If you have a company name that looks like a keyword, then you'll have a tougher time. For example, we named our business "Best Website Design, Inc." and tried to get links with the text "Best Website Design" then it'll look like we're trying to rank for that keyword, which is something people search for.

Is Link-Building Dead? (searchenginewatch.com)

In this hangout, John was asked, "Is asking for a link unnatural link-building?" The question was about a business that wanted to reach out to people who had linked to their competitors and suggest that perhaps they link to them as well. John said, "In some cases I think that that definitely makes sense. But it probably makes sense also to look at the bigger picture to see who else is linking at your website. If all of the links are only links that you essentially badgered a webmaster to actually get, then that might be something where our algorithms say that this kind of link probably isn’t the most relevant. But in general, reaching out to people who are providing relevant content where you think your content might be useful for them as well, that’s something that’s possible to d…If you’re bringing this content to a webmaster and they think it’s good content, then generally that’s OK."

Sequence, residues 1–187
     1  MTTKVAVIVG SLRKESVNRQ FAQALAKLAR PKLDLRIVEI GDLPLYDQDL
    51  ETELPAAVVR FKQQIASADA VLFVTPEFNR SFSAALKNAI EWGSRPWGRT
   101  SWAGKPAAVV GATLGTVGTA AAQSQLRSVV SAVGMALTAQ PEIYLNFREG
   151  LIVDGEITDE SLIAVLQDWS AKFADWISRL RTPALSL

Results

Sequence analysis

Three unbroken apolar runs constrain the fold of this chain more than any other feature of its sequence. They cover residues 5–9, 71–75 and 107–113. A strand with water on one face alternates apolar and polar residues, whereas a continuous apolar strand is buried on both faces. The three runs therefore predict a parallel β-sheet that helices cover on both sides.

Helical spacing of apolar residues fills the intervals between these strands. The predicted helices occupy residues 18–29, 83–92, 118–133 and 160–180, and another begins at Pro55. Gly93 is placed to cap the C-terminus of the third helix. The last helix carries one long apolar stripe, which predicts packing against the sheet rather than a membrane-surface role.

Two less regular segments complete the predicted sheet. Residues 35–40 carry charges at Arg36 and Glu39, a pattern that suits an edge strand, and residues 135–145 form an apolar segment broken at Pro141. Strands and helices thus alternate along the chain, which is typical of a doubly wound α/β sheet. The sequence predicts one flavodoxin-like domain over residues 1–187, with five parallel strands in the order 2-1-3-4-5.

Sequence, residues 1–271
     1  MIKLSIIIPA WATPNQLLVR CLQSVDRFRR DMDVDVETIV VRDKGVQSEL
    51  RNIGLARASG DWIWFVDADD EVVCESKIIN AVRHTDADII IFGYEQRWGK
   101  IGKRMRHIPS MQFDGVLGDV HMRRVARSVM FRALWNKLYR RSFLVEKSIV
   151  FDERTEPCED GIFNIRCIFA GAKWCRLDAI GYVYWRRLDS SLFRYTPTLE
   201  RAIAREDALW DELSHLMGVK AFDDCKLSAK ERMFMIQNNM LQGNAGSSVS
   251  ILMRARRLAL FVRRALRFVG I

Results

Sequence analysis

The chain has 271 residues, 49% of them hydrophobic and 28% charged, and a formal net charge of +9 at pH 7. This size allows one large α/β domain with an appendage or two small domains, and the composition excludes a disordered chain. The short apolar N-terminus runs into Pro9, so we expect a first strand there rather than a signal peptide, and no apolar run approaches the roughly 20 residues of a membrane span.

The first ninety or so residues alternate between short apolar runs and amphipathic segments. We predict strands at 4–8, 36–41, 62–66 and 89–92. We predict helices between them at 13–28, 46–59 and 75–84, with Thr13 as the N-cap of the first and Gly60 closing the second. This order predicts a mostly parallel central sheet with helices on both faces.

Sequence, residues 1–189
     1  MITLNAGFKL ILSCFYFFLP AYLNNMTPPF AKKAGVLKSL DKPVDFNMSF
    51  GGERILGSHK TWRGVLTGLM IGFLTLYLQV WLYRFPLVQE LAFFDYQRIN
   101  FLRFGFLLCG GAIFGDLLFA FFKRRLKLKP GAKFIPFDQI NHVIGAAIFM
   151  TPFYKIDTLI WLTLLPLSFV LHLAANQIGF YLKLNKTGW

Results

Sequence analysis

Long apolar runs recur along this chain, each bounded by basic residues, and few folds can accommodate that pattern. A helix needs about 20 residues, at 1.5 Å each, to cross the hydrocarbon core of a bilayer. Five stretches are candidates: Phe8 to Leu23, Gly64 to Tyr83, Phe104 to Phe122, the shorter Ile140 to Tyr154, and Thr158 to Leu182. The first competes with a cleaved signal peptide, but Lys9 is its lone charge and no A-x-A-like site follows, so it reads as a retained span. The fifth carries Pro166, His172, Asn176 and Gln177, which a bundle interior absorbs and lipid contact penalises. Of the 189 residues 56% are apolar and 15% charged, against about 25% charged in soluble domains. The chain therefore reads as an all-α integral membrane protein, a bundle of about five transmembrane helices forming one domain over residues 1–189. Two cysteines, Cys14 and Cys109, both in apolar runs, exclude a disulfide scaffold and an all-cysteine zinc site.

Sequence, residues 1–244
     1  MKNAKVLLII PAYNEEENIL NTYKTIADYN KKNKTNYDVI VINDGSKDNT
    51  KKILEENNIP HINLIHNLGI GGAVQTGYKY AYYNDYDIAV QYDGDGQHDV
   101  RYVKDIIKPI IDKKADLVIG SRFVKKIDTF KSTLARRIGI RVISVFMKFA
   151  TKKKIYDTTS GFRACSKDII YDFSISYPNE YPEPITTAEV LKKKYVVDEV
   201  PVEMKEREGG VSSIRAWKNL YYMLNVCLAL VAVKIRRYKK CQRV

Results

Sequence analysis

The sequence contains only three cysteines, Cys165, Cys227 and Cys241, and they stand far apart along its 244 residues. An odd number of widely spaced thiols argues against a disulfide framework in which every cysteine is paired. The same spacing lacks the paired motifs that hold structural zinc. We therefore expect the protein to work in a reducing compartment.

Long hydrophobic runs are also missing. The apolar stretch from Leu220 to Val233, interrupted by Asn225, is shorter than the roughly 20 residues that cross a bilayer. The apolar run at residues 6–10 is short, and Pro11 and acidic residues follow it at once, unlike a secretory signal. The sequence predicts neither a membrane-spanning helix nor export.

My interpretation: It is perfectly acceptable to Google if you contact site owners and ask them to link to content of yours that might be relevant to them. However, if this is the only kind of link that your site is able to get, then perhaps those links may not be too helpful.

It should not be a sin in Google's eyes to ask people to link to you. We ask them to share links, right?

The point here is that the rate of more links pointing to your website should look natural. If you got 1000 links overnight, that might look a little strange - although it certainly can happen if you run some sort of promotion or have something really big happen on your website or with your company that goes viral.


You need links to your website. Link building isn't bad but it has to be for a reason. If you're not publishing great content and if there are no comments on blog posts, it's going to look really strange if you, all of a sudden, get lots of links pointing to your website. You'll get smacked for that.

So first, do content development. Write awesome content that's worth sharing. Do research, answer people's questions, find related videos - all that. You're investing in great content that will keep paying off into the future in the form of traffic. You have to look at content development as an investment.

Next, start actively sharing that content and promoting it. You can often use the same content a few ways. You can produce a video or make a whitepaper or PDF from it. You can make an infographic. You could record an MP3 audio version of it.

Get active on your website and then start thinking about building links. Way too often we're seeing clients that just want the traffic without investing in content. For them, they need to go the Pay Per Click (PPC) route and continue to pay for traffic that they need. Sometimes the best strategy is two pronged - where you do both organic (SEO) and PPC so that you get traffic right away but then reduce your ad spend with PPC and rely on organic once that gets going.